Looking forward to the venues’ November openings which coincide with Dubai’s high season, the chef says: “I hope that the guests are as happy and excited about them as we are. There’s nobody more excited to be out there and talk to our guests than our team. They are pumped, they are ready to go. We get joy out of making people happy. We get joy out of creating great memories.”
When asked about what inspires him Myers says: “I’m a gypsy chef. For me it’s about travel, inspiration from that travel, and applying that to my restaurants, concepts and ideas.”
In true gypsy fashion, the chef already has his next destination (or destinations) in mind: “Europe. To make the complete circle, Europe is on the list. London, Berlin and Zurich are three destinations that I definitely want to get in on. At some point maybe Paris because I’m very fond of it and Barcelona could also be one. But I’d say London, Berlin and Zurich are hot on the list.”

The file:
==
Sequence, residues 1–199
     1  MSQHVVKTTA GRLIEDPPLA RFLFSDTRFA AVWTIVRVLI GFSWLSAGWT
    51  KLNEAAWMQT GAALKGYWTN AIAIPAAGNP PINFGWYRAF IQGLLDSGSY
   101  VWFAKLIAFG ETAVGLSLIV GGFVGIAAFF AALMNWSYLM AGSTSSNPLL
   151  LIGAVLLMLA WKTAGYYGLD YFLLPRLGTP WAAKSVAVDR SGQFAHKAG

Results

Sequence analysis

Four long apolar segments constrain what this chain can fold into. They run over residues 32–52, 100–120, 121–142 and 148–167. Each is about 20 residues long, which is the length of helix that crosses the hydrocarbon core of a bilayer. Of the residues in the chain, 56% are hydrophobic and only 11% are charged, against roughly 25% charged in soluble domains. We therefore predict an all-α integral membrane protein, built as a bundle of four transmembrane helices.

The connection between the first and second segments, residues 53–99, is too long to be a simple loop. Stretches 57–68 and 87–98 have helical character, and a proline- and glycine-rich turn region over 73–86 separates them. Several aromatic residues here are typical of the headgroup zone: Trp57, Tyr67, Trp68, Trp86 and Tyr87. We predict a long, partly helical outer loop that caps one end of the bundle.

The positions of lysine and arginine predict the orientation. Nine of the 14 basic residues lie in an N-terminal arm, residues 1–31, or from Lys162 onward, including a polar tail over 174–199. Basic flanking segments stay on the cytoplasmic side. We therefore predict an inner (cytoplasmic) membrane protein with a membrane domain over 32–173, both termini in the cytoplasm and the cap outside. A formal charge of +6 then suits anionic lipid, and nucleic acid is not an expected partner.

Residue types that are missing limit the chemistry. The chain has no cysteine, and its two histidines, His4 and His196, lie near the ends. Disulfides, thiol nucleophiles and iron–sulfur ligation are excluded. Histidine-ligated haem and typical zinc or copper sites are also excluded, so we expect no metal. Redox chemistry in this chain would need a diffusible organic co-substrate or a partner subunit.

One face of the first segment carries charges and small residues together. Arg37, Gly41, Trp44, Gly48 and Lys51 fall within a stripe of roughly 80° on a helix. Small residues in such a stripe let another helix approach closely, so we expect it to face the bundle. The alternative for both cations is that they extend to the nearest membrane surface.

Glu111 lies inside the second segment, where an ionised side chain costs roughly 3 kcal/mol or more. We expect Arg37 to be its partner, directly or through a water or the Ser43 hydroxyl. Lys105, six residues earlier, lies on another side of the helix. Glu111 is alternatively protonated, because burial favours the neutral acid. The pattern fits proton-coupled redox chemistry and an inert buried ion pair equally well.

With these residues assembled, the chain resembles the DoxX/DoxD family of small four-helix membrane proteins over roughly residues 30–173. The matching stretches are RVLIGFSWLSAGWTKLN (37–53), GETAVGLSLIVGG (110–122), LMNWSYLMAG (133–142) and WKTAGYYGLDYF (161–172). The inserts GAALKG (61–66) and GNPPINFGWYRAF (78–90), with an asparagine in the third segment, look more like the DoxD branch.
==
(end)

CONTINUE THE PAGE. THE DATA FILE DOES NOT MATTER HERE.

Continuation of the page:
Myers, who is one of the most laid-back and charismatic people you’re likely to meet, is realising his vision: “I wanted to travel the world and I wanted to run my own companies. That was always the plan.”
You could say that, although he swapped grey suits for more comfortable attire, he did end up doing international business.